The “What SDSPS Means to Me” series of blogs will document how SDSPS impacts its members. If you are an SDSPS member, we’d love to read a blog post of what the poetry society means to you. Please email your blog submission to firstname.lastname@example.org. This series is meant to make visible the “why” and “what” of SDSPS’s mission.
The first photo attached here is one that my mom took in 2016. I’m holding a copy of Pasque Petals opened to the page which had two of my poems. I remember signing up to sit at the table, not really knowing anyone, and enjoying the atmosphere of the Book Festival. The smile on my face truly shows what it meant to me to have my poems in this high-quality collection among other beautiful pieces.
This was actually not my first time being published in Pasque Petals. While in high school, I had a poem published in it – back when it was more of a chapbook-length pamphlet—held together by mere staples. And I couldn’t have been more proud. I brought the book to school with me and showed my English teacher—Look! They published my poem! It felt incredibly validating and inspiring. Local publishers of local work empower writers and create community.
I found myself reflecting on what SDSPS means to me at the SD Book Fest this last weekend. The second photo shows me this year, my first year as a presenting author, presenting the inaugural book published by SDSPS’s Pasque Press. And in the workshop I conducted—Crafting Poems: The Art of Conveying Emotional Truths—one person said that she’s never published anything and said it with her face downturned like that was some sort of prerequisite to coming to the workshop. I said “no one’s born with something published. We all start as unpublished authors.” And that moment clarified for me that it doesn’t feel very long ago that I was unpublished. And when people read my bio, which sounds like oh she’s been published here and there—I know the process behind all of that—the countless rejections and those few bright, shining acceptances. Author bios are incredibly intimidating when we start out, right? Look how accomplished this person is. But through being part of SDSPS and knowing the members and board members, I’ve learned the skills and made the connections to write, publish and promote my work.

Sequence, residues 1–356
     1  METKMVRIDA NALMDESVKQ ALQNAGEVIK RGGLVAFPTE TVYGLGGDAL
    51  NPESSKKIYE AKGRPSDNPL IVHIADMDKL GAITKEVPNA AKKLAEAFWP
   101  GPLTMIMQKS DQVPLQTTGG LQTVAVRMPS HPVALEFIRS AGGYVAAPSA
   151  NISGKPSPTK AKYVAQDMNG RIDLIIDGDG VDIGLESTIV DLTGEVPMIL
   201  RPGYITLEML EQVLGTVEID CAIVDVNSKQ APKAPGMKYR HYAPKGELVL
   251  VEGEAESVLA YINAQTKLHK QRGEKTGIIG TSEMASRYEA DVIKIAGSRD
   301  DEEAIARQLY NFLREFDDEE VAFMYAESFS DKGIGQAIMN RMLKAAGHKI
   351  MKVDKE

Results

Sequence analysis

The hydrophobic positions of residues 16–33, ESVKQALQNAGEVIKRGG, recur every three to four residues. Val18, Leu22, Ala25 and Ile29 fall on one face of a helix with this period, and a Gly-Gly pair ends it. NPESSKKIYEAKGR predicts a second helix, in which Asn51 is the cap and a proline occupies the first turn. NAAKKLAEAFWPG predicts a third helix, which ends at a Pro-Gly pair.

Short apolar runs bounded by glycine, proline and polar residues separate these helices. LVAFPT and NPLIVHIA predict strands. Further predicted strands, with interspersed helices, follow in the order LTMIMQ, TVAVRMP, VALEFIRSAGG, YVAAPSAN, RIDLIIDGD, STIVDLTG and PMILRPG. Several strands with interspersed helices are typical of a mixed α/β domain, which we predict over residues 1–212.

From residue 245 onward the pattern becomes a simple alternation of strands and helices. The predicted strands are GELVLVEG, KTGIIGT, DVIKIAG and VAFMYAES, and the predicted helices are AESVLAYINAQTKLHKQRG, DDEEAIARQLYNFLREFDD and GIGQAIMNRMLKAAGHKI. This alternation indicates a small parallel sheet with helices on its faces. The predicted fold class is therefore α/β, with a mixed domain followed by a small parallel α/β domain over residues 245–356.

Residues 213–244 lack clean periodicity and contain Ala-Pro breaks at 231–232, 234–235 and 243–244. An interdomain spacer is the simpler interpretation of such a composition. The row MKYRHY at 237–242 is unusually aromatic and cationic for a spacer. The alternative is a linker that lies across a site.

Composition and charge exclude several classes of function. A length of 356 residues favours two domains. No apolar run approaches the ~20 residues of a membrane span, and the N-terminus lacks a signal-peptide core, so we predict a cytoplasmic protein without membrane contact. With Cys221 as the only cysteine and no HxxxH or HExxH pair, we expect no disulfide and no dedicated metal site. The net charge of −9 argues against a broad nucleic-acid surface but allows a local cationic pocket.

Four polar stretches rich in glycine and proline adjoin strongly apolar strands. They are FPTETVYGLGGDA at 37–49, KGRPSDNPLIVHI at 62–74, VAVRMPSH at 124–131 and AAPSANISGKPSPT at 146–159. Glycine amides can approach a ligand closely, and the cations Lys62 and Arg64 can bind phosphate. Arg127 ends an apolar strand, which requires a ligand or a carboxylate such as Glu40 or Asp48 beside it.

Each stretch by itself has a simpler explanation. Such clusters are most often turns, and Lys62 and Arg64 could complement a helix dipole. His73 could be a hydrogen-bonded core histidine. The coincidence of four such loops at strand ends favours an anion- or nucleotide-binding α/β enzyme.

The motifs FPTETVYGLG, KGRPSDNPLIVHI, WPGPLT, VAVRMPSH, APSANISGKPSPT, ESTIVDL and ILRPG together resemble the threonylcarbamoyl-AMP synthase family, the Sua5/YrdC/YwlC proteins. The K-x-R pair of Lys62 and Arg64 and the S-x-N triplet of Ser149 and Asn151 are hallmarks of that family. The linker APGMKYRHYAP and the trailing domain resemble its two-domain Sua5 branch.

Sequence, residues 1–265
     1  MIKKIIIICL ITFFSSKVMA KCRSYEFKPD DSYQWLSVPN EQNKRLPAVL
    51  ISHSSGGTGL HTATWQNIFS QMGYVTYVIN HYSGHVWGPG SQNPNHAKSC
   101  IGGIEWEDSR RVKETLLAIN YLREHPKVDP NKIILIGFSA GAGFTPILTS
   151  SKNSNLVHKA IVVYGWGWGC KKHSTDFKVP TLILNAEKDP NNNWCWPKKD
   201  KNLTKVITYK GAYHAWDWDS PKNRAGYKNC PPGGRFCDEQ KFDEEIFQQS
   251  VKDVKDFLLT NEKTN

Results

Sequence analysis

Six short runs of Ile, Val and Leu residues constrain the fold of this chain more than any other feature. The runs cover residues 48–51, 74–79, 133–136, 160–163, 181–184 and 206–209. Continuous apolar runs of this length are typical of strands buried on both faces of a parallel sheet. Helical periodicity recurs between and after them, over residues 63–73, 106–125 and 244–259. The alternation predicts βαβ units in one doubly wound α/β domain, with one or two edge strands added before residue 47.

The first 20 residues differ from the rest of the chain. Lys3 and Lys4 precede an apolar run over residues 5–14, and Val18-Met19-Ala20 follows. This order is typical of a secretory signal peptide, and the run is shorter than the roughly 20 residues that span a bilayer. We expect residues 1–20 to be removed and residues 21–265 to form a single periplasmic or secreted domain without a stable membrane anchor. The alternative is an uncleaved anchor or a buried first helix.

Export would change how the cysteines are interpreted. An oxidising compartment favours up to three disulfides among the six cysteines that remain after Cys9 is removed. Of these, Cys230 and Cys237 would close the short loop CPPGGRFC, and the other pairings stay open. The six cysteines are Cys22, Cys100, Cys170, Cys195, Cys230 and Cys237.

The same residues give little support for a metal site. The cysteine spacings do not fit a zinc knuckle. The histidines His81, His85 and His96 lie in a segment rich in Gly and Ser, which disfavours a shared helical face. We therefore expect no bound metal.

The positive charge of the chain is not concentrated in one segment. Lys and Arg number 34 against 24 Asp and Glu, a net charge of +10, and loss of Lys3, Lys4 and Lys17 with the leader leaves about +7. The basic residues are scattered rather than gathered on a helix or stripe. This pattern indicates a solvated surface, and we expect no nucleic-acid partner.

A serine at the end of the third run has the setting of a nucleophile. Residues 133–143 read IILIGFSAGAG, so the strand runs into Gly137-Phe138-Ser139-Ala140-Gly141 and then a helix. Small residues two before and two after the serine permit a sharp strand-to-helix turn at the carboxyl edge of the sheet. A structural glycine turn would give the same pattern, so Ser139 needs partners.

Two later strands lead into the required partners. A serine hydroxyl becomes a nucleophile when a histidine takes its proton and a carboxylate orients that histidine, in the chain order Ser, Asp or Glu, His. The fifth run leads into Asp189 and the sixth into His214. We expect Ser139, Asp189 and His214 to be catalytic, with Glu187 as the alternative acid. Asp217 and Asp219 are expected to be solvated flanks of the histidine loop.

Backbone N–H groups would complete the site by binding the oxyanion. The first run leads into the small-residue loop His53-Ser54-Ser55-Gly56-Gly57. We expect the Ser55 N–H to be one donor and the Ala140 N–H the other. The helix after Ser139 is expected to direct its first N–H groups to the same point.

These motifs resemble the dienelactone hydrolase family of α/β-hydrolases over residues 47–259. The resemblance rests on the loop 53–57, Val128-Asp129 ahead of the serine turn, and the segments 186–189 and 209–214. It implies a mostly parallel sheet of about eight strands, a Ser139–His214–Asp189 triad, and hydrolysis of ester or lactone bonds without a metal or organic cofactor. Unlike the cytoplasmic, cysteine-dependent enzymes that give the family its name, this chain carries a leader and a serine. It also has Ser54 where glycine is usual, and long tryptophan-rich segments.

Publishing work locally empowers writers. I’ve sent work around the country and even some internationally, but I most value the poems shared with people close to me. Last year, my neighbor across the street who we chat with occasionally was walking on the other side of the road and called over to me “We read your poem in SD Magazine! That was cool!” It’s these kinds of interactions which I find so rich. When I joined the society, I didn’t know many of the other poets published in these pages. Since then I’ve been on the board of directors for several years and now the women poet’s collective, and I flip through an issue of Pasque Petals and know over half the writers. It really feels like a community to me now. Through sharing our poetry with each other, we travel through life together, capturing snapshots and thoughts. The value of local poetry is that I can read a poem about a place I’m familiar with but don’t live like west river. I can read that people close to me proximity-wise are struggling with the same things I’m dealing with. The craft of poetry has helped me process and contend with the difficulties and beauties in life. The power of writing and sharing our work is that we, as Bruce often says, are writing our current moment in history—the things we care about, the struggles we have, the beauty in the everyday.
I’ll leave you with this beautiful quote by Gregory Orr from “The Blessing,” “I was enthralled by the possibility of making my own paths out of language, each word put down like a luminous footstep, the sentence itself extending behind me like a white trail and, ahead of me, the dark unknown urging me to explore it.”
For your copy of Skin Reverberations, which goes toward publishing more full-length collections by SD authors, click here.